The Substation’s latest show, Discipline the City is a tour de force in urban explorations and uncomfortable relationships with authorities and cities. It’s an odd choice for the name of an exhibition and in adhering to the theme, we thought it might be appropriate to approach this article with a similar level of structure and order.
After all, how can a city be “disciplined”? Isn’t that something for small children?
What does “discipline” even mean?
This being Singapore, where better to look for meaning than in guidelines laid down by the Singapore Ministry of Education (MOE) – the government body whose mission is to “mould the future of the nation by moulding the people (emphasis added), who will determine the future of the nation”.
According to the MOE website “effective discipline is based on a consistent philosophy,” and has the following hallmarks:
- The goal of discipline is to teach students how to develop self-discipline.
- Discipline is a learning process to develop students’ thinking and moral faculties.
- Leadership is the key success factor for effective school discipline.
- A whole-school, multi-faceted approach is required
In the spirit of discipline and structure, we propose to look at Discipline the City through the above framework, with case studies for the illustration of ideas put forth.
Are we all in agreement?
Well, too bad – let the disciplining begin!
Rule 1: The goal of discipline is to teach students how to develop self-discipline (again, emphasis added)
Discipline the City makes the observation that “cities mirror us” and questions what happens when our “city becomes over-regulated and over-designed?” Is there still room for people outside of the mainstream, or does the city “tend towards some vague notion of a model citizen?” To what extent do these restrictions create self-perpetuating limitations on the population?
Case Study #1: The Punk Museum, A Manifesto for Space
With an open call for punks to reclaim the spatial confines of the Substation, artistic director Alan Oei has created a multi-layered commentary on a group of people whose natural habitat lies within the outer limits of society. The Substation has both welcomed and rejected punks at different points in time, and in this latest outing, offers them a space for experimentation and usage however they please, together with a display of various punk paraphernalia.
Another section of the exhibition involves a revolving door of punk performers, who take turns to inhabit a space at monthly intervals, in all their pierced and inked-up glory. Anjingsial for example, the present punk in residence, is described as an “angry, dazed and confused individual with no formal art education”, who is not even considered as an artist.
October 2017 sees the introduction of a punk family — Amin and Mimie — a husband and wife pair with 4 little punk children. One looks at the punks through a glass shopfront of sorts, surveilling their every move in this free space for experimentation. Throw into the mix the fact that these folks who earn amounts “below the supposed median income,” were paid for their residencies, and an uncomfortable narrative unfolds. It’s The Truman Show meets Big Brother, with an added dash of slum tourism, just for a good measure.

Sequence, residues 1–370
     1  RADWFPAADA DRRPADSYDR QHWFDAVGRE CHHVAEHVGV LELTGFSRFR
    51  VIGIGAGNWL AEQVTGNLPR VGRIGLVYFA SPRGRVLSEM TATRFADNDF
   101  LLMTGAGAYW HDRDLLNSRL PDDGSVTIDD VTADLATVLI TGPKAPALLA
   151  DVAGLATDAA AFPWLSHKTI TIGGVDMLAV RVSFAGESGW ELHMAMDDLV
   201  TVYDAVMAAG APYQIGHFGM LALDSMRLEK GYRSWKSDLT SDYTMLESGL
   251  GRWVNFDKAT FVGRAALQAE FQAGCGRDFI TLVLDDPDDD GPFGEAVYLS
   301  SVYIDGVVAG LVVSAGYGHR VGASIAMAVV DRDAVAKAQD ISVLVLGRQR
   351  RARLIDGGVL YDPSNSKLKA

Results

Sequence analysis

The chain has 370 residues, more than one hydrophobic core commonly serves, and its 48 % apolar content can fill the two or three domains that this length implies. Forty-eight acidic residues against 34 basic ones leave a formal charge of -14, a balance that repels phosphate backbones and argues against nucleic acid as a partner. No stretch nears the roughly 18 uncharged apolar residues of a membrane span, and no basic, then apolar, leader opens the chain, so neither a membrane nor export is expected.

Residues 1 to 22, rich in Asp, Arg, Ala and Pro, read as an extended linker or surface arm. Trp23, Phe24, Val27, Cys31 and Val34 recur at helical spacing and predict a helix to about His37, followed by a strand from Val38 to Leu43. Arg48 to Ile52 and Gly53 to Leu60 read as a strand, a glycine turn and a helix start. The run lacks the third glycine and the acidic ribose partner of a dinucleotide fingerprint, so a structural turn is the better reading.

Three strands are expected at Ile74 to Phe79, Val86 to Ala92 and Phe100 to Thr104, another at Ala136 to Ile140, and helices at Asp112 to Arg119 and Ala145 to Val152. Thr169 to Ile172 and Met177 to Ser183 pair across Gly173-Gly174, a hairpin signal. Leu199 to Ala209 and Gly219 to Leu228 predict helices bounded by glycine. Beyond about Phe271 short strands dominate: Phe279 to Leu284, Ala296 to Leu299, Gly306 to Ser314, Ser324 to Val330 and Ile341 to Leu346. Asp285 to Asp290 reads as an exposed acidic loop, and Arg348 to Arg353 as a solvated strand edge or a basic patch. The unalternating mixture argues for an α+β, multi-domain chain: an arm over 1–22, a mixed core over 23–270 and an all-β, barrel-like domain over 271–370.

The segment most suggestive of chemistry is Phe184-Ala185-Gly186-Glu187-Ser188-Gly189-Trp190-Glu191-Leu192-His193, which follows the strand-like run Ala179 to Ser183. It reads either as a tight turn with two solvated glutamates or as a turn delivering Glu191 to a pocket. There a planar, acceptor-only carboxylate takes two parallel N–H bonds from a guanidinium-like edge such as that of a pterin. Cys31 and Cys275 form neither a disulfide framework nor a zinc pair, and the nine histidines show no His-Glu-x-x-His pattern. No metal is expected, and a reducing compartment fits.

To be sure, this free space for punk experimentation is not without its own rules. The punks slot neatly into the wider thematic framework of the exhibition just as much as they are permitted to wildly experiment. And of course, all wild experimentation takes place within a bright yellow pre-allocated space with the instruction that illegal activities are permitted. The punks have obviously been given a choice, work within the rules or forfeit the chance to be seen and recognised by society – in other words: You know the rules. Now self-regulate or be thrown out.
The goal of discipline is to teach students how to develop self-discipline?
Seems like the same applies to the inhabitants of cities as well.
Rule 2: Discipline is a learning process to develop students’ thinking and moral faculties.
As it turns out, urban planners have ingenious ways of making cities inherently inhospitable. For a crash course in how this is done, check out Taiwanese artist Tsui Kuang – Yu’s video works on the absurd little details that can be found in urban spaces.
Case Study 2: Tsui Kuang – Yu
In pseudo-documentary Invisible City: Liverpool for example, bumps which are placed on the ground in Liverpool to prevent homeless people from sleeping rough, are parodied as Asian-inspired foot massage paraphernalia. City design is exposed here as a deliberate cruelty – the presumption being that the need to present a clean and uncluttered space for upstanding taxpayers, trumps the needs of those from the lower (or indeed, non-existent) income groups.
In Eighteen Copper Guardians: The Penetration, The Perception, The Spontaneous, Tsui references a story of how Shaolin monks wishing to leave a temple, are required to defeat “18 guardians” who are each imbued with supernatural powers. Tsui then tries to recreate these powers and apply them in an urban environment. One soon sees that these attempts are futile and that “supernatural powers have no currency in the contemporary”. For example, in the video on the power of perception, everyday objects are hurled at the back of the artist’s head, as he tries to guess what the object of assault is: